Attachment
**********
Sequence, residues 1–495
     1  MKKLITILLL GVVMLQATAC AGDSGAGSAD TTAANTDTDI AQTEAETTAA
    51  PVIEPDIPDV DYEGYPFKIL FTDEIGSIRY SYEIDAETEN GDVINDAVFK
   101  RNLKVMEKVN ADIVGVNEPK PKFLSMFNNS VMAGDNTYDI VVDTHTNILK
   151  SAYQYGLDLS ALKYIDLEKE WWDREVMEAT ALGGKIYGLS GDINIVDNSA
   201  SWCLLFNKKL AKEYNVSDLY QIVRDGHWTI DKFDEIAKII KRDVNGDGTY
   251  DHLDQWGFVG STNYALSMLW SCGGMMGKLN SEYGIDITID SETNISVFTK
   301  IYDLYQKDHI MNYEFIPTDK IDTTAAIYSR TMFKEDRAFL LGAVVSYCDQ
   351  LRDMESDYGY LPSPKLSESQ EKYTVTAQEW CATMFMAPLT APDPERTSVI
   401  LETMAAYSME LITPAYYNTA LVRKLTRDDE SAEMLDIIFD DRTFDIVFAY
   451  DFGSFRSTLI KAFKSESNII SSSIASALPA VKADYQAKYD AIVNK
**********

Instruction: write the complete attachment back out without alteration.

Sequence, residues 1–495
     1  MKKLITILLL GVVMLQATAC AGDSGAGSAD TTAANTDTDI AQTEAETTAA
    51  PVIEPDIPDV DYEGYPFKIL FTDEIGSIRY SYEIDAETEN GDVINDAVFK
   101  RNLKVMEKVN ADIVGVNEPK PKFLSMFNNS VMAGDNTYDI VVDTHTNILK
   151  SAYQYGLDLS ALKYIDLEKE WWDREVMEAT ALGGKIYGLS GDINIVDNSA
   201  SWCLLFNKKL AKEYNVSDLY QIVRDGHWTI DKFDEIAKII KRDVNGDGTY
   251  DHLDQWGFVG STNYALSMLW SCGGMMGKLN SEYGIDITID SETNISVFTK
   301  IYDLYQKDHI MNYEFIPTDK IDTTAAIYSR TMFKEDRAFL LGAVVSYCDQ
   351  LRDMESDYGY LPSPKLSESQ EKYTVTAQEW CATMFMAPLT APDPERTSVI
   401  LETMAAYSME LITPAYYNTA LVRKLTRDDE SAEMLDIIFD DRTFDIVFAY
   451  DFGSFRSTLI KAFKSESNII SSSIASALPA VKADYQAKYD AIVNK